"Under Oriental Skies" starts out with ominous string sound and far east sounding violin runs throughout. Loops, effects and keyboards add to the dark sound that is occasionally punctuated by quite eastern melodies. "Breakdance In Hell" is the highlight of the album for me, staying true to it's title. Frenetic action abounds, with different instruments all coming and going over the hellish mellotron backdrop. Various sound effects heighten the mood, such as mumbled, processed vocals here and there that sound like tormented souls. "Where Titans Sleep" continues with a very tribal feel, while "Strange Obsession" tones things down a notch, with a more jazzy feel. "The Boy Who Gazed At The Stars" is by far the most symphonic piece here, at times sounding traditionally symphonic, with a strong resemblance to the first Happy The Man album, but at other times much more aggressive overtones from the violin break it up. The bonus track, the final demo mix of "The Cool Vibe Of Asia C" is the most mellow piece included in the set, with a very atmospheric and tribal feeling with didgeridoo and ethnic percussion mixed in with mellotron and keyboard backing.

For a set of demos, the songs here are amazingly well put together and played; this could easily have been a finished product. My one complaint is that there is such a strong wall of sound in the songs which never lets up. A little breathing room here and there would be better, and judging by the newest song, the band has started to do just that. Can't wait to hear the completed album. Visit for more info.

--Giant Progweed, Mike Prete, April 2000,
Demos 1999-2000 (Aurul Innovations)
The core of Systems Theory is the two-man team of Gregory Amov on violin, viola, mandolin, guitar, bass, keyboards, and percussion, and Steven Davies-Morris on keyboards, sequencers, samplers, percussion, drums, guitar, bass, loop programming, instrument processing and various other treatments and vocals. I have long beem aware of Davies-Morris as a frequent poster to the internet newsgroup, but was surprised by the quality of these "demos" which represent the culmination of a collaboration that began as far back as 1977. Joining Amov and Davies-Morris are Diane Amov on flute, recording, pipes, and whistles, and Mike Dickson on mellotron.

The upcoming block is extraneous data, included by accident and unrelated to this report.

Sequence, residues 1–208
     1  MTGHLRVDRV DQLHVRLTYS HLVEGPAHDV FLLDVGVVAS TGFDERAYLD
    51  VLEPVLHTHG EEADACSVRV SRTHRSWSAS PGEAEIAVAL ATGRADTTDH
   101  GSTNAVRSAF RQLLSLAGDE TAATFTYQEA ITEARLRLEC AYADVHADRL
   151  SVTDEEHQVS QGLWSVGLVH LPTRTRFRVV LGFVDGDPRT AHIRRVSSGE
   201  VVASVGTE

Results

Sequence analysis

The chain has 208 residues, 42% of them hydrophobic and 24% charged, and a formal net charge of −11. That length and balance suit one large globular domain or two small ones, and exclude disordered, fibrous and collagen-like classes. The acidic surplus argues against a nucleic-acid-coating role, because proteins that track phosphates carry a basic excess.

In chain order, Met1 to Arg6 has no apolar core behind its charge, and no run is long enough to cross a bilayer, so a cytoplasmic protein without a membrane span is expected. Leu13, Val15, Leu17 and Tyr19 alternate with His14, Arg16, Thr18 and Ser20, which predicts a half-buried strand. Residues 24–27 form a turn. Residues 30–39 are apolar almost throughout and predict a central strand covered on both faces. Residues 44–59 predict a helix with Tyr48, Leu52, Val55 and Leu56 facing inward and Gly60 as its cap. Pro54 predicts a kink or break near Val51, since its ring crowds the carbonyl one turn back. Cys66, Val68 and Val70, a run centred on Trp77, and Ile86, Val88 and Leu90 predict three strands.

The first line of the Systems Theory web site describes the band as, "Progressive world music with tons of technology-derived spaciness and heavy rock derived attitude. Ambient without sending you to valium noddy-land. Proggy without slavishly imitating yesterday's symphonic giants." An obvious struggle to describe the territory they cover, and after several listens I'm sympathetic to the challenge. Systems Theory's music is rooted in classic progressive fusion rock. Despite the presence of "real" instruments the music sounds primarily electronic and displays clear space rock and experimental influences throughout.

On "Under Oriental Skies" the motif is most definitely oriental. But while I hear a smidgen of traditional oriental sounds at the beginning and end, the majority of the tune is a fairly freaky electronic take on a prog rock styled oriental theme. Some of the synth lines have a bit of a Steve Hackett guitar sound but that's a loose analogy as this has a melodic yet experimental bent that would never be heard on a Hackett tune. "Breakdance In Hell" begins in a more overtly spacey atmosphere. The mellotron gives the music the expected classic symphonic sound, yet it's simply the backdrop for a multitude of electro percussive beats, trippy synth noodlings, dancey techno and various other electronic patterns. Flute and sax bits give it a jazzy feel but these are just a single piece of what feels like an electronic progressive big band. The headphones treatment revealed an impressively busy, yet well constructed symphony of progressive rock, trippy jazz, and space rock. A little something for everyone.

"Where Titans Sleep" is still spacey, but more electronic prog rock oriented. The music kept me on my toes and at attention throughout, moving non-stop through a succession of themes that veer off in seemingly countless directions, and includes lots of cool oddball sounds popping up intermittently. Amov's violin fires off rapid little dissonant bits near the end, and the song ends on a part electro psychedelic, part industrial, part classic prog rock note. Lots of influences here, but coherence reigns to produce some fairly adventurous instrumental progressive space fusion. Rounding out the set is "Strange Obsession" which is similar to "Where Titans Sleep", being a somewhat jazzy progressive rock number, and "The Boy Who Gazed At Stars" which seems to fuse the gamut of the band's influences, from spacey electro experimentations to more melodic and goal-oriented progressive constructions.

In summary, Systems Theory would appeal to fans of complex but melodic instrumental progressive rock who also dig space and electronic influences. If these are demos, I'll be interested in hearing what Systems Theory considers the real thing. For more information you can visit Systems Theory at their web site

--Aural Innovations #14, Jerry Kranitz, January 2001,